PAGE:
By Stephanie Zacharek
By Simon Abrams
By Michelle Orange
By Alan Scherstuhl
By Nick Schager
By Amy Nicholson
By The Invisible Woman
By I Used to Be Darker
Whenever moviegoers do time in prison--or the nuthouse--they almost always run across that one transcendent inmate who sets the others free with his soaring spirit. He may be called Cool Hand Luke or Randall Patrick McMurphy or Papillon, but he's always the soul of liberty--and the bane of authority. He takes his lumps, but he winds up the feel-good guy. Whether eating fifty eggs or taking everyone fishing, he's got a little Jesus Christ in him, too.
This familiar figure pops up again in The Shawshank Redemption. The time is 1946, and the unlikely hero is one Andy Dufresne (Tim Robbins), a brainy young Maine banker who, in the opening scenes, is standing trial for the murders of his unfaithful wife and her golf-pro boyfriend. Apparently, he doesn't have Robert Shapiro as his lawyer, and he is quickly sentenced to a pair of consecutive life terms in a Gothic hellhole of a prison. On the first night, a guard casually beats one "new fish" to death in full view of everyone and threatens to repeat himself if he hears so much as "a mouse fart" on the cell block. The warden is a Bible-thumping hypocrite with a nasty streak of his own, and the whole prison, which looks like Dracula's castle without the amenities, is crawling with toughs armed with homemade shanks.
Just the setting to make new friends and eventually bring uplift to the damned.
Until now, writer/director Frank Darabont has been limited to a couple of minor TV movies, as well as co-writer credits on one of the Elm Street slasher flicks, a remake of The Blob and something called The Fly II. But when he got his hands on an old Stephen King novella called Rita Hayworth and the Shawshank Redemption and turned it into a screenplay, he held out with the studio bosses to direct the movie himself.
The results are mixed. Shawshank is distinguished by another absorbing performance from Robbins and what could be a great--if strangely incomplete--one by Morgan Freeman, who finds the essence of the human being in chains. The film's compelling narrator, Freeman's "Red" Redding is a lifer who has long evaded the clumsy ploys of his keepers by serving as old Shawshank Prison's underground general store. But he's too resigned for hope. So he's cast himself into purgatory, like the disheartened patients under Nurse Ratched's thumb in One Flew Over the Cuckoo's Nest.
Red's potential savior--his McMurphy--is the clever proto-yuppie Dufresne, who has an awful time surviving at first but later uses his knowledge of tax shelters and investment strategies to manipulate the prison authorities. On one glorious day, he engineers cold beer for his pals, and his pluck finally gets the prison library revamped. Over the course of a twenty-year friendship, though, we see that Red has more depth. Sometimes you feel like you're looking straight into his divided soul, and it's a great pleasure to watch Freeman. Roger Deakins's dark cinematography is equally effective. Shooting in a derelict old reformatory in Mansfield, Ohio, he remodels the place as sheer hell.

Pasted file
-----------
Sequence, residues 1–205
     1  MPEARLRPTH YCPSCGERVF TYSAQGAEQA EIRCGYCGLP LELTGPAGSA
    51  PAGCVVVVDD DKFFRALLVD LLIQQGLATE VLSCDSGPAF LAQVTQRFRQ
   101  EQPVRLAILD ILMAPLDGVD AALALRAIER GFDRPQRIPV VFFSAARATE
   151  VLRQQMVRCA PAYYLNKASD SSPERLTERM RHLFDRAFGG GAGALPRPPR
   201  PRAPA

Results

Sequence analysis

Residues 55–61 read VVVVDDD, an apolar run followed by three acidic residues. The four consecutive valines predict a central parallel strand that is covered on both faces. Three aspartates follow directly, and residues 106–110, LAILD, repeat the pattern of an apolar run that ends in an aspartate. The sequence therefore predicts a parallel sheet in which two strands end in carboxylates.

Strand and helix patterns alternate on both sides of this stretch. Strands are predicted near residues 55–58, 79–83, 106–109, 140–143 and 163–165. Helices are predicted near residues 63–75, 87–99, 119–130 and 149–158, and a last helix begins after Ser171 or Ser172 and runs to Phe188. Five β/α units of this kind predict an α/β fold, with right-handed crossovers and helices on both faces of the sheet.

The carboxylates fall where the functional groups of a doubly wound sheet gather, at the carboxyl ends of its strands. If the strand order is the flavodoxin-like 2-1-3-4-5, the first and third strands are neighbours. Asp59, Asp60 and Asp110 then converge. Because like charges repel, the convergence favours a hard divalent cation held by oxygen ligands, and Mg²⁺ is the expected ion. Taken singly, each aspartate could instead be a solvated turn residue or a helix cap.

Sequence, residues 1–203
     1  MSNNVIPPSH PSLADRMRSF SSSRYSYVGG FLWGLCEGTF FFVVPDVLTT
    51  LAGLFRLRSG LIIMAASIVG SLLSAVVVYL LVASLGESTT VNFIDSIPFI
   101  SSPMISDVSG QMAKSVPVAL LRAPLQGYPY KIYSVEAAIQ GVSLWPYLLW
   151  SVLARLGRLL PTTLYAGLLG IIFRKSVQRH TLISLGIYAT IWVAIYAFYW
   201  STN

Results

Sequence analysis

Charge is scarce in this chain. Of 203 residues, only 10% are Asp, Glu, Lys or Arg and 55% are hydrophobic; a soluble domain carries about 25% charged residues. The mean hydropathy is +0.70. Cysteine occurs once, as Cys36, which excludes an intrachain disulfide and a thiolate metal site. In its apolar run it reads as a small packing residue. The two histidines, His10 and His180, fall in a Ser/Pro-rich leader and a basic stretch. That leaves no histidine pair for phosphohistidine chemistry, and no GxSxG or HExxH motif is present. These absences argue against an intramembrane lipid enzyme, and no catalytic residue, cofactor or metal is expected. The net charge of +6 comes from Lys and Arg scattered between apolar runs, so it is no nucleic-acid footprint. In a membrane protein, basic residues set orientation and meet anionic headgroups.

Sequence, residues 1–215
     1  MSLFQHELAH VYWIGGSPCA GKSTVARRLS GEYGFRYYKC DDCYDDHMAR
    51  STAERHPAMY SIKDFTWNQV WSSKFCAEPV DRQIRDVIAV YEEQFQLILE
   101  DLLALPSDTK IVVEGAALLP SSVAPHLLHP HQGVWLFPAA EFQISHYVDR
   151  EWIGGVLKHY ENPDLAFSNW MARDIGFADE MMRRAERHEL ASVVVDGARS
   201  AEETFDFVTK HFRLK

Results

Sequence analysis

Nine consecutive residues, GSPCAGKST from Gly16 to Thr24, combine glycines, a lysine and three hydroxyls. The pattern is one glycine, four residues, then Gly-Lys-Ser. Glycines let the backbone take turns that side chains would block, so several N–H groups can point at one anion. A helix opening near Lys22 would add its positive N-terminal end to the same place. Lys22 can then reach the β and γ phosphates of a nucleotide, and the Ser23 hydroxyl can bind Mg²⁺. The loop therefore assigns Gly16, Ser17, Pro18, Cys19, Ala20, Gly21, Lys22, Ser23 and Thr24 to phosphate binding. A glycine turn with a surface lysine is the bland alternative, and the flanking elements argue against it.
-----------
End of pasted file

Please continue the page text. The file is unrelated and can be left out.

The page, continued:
But Shawshank has a couple of problems. The original story is formula stuff in King's usual typing-for-dollars style, and Darabont hasn't done much to improve on it. He trots out every indomitability-of-man's-spirit cliche you can think of, all of which are embodied in the studio's sappy catchphrase: "Fear can hold you prisoner. Hope can set you free."
The movie covers the period from 1947 to 1967, and while it does not shrink from the realities of prison violence, including homosexual rape, it inadvertently turns another crucial issue into fairy-tale fluff: Tough as it is, Shawshank Prison is apparently color-blind. Black and white inmates act as if there's no difference between them--and no tension. Neither Hadley (Clancy Brown), the most sadistic guard in the place, nor Norton (Bob Gunton), the caricatured evil warden, even hurls a racial epithet. The fact that King wrote the original Morgan Freeman character as a red-headed Irishman provides no excuse for the moviemakers; ignoring the race of black inmates in a maximum-security penitentiary simply doesn't make sense.
That's not the only deficiency. From the outset, the only two suspicions we have about our man Andy Dufresne is that he's innocent of murder and that he will use his wits trying to get out. But this deep thinker squanders his chance in the stupidest way imaginable--and that's due less to tragic flaw than to bad writing.
With a little more attention to detail and a little less to the marketplace, this might have been a great prison movie. For two and a half hours we feel the oppression of confinement and the urge toward freedom. A couple of compelling subplots--notably ancient parolee James Whitmore's struggle with the outside world--provide even more texture.
But the movie collapses in sentiment. In the end, Darabont seems most interested in delivering a stock message about virtuous people in an evil world--he goes for Forrest Gump fantasy instead of real life. Certainly, none of the models for The Shawshank Redemption depended on such a gooey center. But then, Stephen King is no Charriere. The packaged sincerity and feel-good emotion Darabont lays on just don't feel authentic, as much as we may want them to. Despite some terrific acting, we're finally put away in a prison of sweetness and light.
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